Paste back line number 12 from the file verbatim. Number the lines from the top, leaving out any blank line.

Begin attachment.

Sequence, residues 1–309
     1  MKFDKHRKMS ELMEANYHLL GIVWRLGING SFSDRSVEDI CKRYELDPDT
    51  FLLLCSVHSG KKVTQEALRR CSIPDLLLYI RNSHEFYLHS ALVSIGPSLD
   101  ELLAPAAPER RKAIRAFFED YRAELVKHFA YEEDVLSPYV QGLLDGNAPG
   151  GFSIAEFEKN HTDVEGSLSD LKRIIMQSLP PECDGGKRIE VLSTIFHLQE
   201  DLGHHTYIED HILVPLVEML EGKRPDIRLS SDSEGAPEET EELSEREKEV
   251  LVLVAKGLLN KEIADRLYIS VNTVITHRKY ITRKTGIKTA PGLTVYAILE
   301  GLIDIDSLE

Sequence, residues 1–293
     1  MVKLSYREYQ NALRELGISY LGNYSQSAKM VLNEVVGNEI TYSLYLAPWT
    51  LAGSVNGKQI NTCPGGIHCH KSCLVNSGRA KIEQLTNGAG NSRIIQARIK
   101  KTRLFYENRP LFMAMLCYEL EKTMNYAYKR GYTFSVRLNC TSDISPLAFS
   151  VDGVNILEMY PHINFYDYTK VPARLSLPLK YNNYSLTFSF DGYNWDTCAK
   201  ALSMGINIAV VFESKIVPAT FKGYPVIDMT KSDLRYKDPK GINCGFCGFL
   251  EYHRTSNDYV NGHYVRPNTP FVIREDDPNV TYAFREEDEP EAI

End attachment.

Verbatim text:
   101  KTRLFYENRP LFMAMLCYEL EKTMNYAYKR GYTFSVRLNC TSDISPLAFS